a charge that has previously been made, he says that Dr. Cook was
known to be in serious financial straits, and would have had great
difficulty in getting out of Alaska if he had not reported that he
attained the summit of Mount McKinley.
||Cook bribed his guide Ed Barrill (left).
"Dr. Cook was known
to be in serious financial straits, and would have had great
difficulty in getting out of Alaska if he had not reported
that he attained the summit of Mount McKinley."
From Travel Magazine, 1910
|Dr. Cook's Claim to Having Ascended to the Summit
Mount McKinley, in Alaska.
Dr. Cook's contention that he ascended to the summit of Mount
McKinley two or three years prior to his claim with respect to the
North Pole is a matter with which the public generally is so
thoroughly familiar that it is hardly worth while to comment
thereon extensively. The Delegate in Congress from Alaska, who
himself attempted the first ascent to the summit of the mountain
in the year 1903, does not hesitate to say with respect to Dr.
|"All of us who know anything about Mount McKinley know that Cook's
story of his successful ascent of that mountain is a deliberate
falsehood. * * * His story was so fraudulent, that one does not
have time to talk about it."
Explorers' Club Investigate and Reject Dr. Cook's Claim to
Have Climbed Mount McKinley and Then Expel Him from Membership.
The Explorers' Club, after investigating Dr. Cook's claim to have
climbed Mount McKinley, rejected it and expelled him from
membership. The following account of their action I take from
report in the Washington Post of December 25, 1909:
CLUB EXPELS COOK—EXPLORERS DECLARE MOUNT MCKINLEY “ASCENT” A
FRAUD—EXPOSED IN LONG REPORT—NEEDING MONEY, FORMER FRIENDS SAY, HE
PUT UP THE JOB—ASSOCIATES ON THE TRIP TO ALASKA ASSERT THAT
PICTURES, HIS CLAIMS, AND HIS BOOK ARE ALL A SERIES OF PALPABLE
FAKES—PHOTOGRAPHED ONE SIDE OF THE MOUNTAIN AND MADE IT APPEAR TO
BE ANOTHER—HAD NO INSTRUMENTS.
NEW YORK, December 24, 1909
The board of governors of the Explorers' Club met to-day in
executive session and, standing in silence, voted with bowed heads
that Dr. Frederick A. Cook be dropped from the rolls of the club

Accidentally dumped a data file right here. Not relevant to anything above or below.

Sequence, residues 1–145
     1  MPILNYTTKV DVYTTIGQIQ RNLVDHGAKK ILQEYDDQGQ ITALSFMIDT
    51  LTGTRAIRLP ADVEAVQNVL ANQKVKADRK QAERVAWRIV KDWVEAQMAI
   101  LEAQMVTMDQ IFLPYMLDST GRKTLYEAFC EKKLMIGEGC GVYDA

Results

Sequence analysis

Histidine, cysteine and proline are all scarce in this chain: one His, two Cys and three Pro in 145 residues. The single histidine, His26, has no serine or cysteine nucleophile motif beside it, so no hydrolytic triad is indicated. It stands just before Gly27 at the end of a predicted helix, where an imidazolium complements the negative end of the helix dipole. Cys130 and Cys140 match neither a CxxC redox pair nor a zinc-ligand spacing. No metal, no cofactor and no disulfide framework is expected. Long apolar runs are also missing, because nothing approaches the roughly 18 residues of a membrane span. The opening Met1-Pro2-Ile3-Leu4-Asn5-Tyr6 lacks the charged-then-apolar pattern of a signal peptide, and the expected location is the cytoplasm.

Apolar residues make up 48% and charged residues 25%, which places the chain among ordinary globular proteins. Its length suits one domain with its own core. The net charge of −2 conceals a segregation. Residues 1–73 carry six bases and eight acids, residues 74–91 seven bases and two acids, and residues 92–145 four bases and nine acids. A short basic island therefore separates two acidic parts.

for frauds practiced on its members and on the public. Preliminary
to its vote of expulsion
the board met to pass upon the report of its committee, which has
been investigating the validity of Dr. Cook's assertion that he
reached, the summit of Mount McKinley. This committee, in
concluding an exhaustive report, recommended that—
“Dr. Cook's claim that he ascended the summit of Mount McKinley in
1906 be rejected by the Explorers' Club as unworthy of credence.”
The committee's recommendation was based on its finding that—“Dr. Cook had repeatedly made statements that have not been in
accord with the facts, and that he had entered into agreements
which he has failed to keep, and that the misstatements and broken
agreements deal not only with matters appertaining to discovery,
but to ordinary financial transactions, so that no credence can be
given to statements made by him.”
FRIENDS AMONG SIGNERS.
Among the signatures appended were those of Whitney and Anthony
Fiala, both personal friends of Dr. Cook. The committee Is further
explicit in its statement that it undertook its investigation only
after first apprising Dr. Cook of its purpose, which he approved
in person; and that it has disregarded the testimony of Edward
Barrill, Dr. Cook's guide, and of Frederick Printz, his packer,
although such testimony was before them—because it wished no cloud
of partisan contention or question of financial interest to dim
the integrity of its verdict.
In addition to Whitney and Fiala, the report is signed by
Frederick S. Dallenbaugh, of the American Geographical Society;
Prof. Marshal H. Saville, of the chair of archaeology in Columbia
University; Walter G. Clark, Charles H. Townsend, director of the
New York aquarium, and Henry G. Walsh, secretary of the Explorers'
Club, and individual signed reports are submitted by Herschel C.
Parker, professor of physics at Columbia, and Belmore Brown, both